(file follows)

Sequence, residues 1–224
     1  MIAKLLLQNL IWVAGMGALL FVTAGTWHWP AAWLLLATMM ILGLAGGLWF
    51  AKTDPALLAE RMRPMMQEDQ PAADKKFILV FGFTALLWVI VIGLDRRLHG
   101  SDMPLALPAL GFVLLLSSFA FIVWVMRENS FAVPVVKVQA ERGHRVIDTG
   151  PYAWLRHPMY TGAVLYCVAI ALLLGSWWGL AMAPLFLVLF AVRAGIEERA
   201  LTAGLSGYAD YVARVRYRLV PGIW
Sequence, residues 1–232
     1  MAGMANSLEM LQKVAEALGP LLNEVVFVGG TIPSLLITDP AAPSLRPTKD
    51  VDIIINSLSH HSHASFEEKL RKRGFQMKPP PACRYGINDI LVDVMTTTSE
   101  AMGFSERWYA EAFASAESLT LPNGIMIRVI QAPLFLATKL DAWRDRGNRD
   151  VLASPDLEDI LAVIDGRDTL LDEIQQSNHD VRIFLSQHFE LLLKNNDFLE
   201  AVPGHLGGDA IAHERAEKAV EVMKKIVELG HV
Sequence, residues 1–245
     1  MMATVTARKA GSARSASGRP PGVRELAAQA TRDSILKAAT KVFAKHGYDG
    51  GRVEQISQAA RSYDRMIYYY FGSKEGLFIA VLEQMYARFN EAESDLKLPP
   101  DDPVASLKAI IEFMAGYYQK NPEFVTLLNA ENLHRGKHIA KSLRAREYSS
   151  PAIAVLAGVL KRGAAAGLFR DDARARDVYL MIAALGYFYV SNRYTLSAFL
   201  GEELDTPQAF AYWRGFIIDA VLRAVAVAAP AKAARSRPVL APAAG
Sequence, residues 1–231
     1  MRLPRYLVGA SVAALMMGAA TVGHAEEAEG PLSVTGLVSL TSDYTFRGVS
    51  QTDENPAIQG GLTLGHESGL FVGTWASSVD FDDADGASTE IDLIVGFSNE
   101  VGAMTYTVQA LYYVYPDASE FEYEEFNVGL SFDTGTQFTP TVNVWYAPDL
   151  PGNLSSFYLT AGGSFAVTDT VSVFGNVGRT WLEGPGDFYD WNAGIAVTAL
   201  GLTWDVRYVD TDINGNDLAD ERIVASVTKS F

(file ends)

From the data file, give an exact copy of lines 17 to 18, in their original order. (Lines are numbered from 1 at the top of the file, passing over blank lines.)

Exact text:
   151  PAIAVLAGVL KRGAAAGLFR DDARARDVYL MIAALGYFYV SNRYTLSAFL
   201  GEELDTPQAF AYWRGFIIDA VLRAVAVAAP AKAARSRPVL APAAG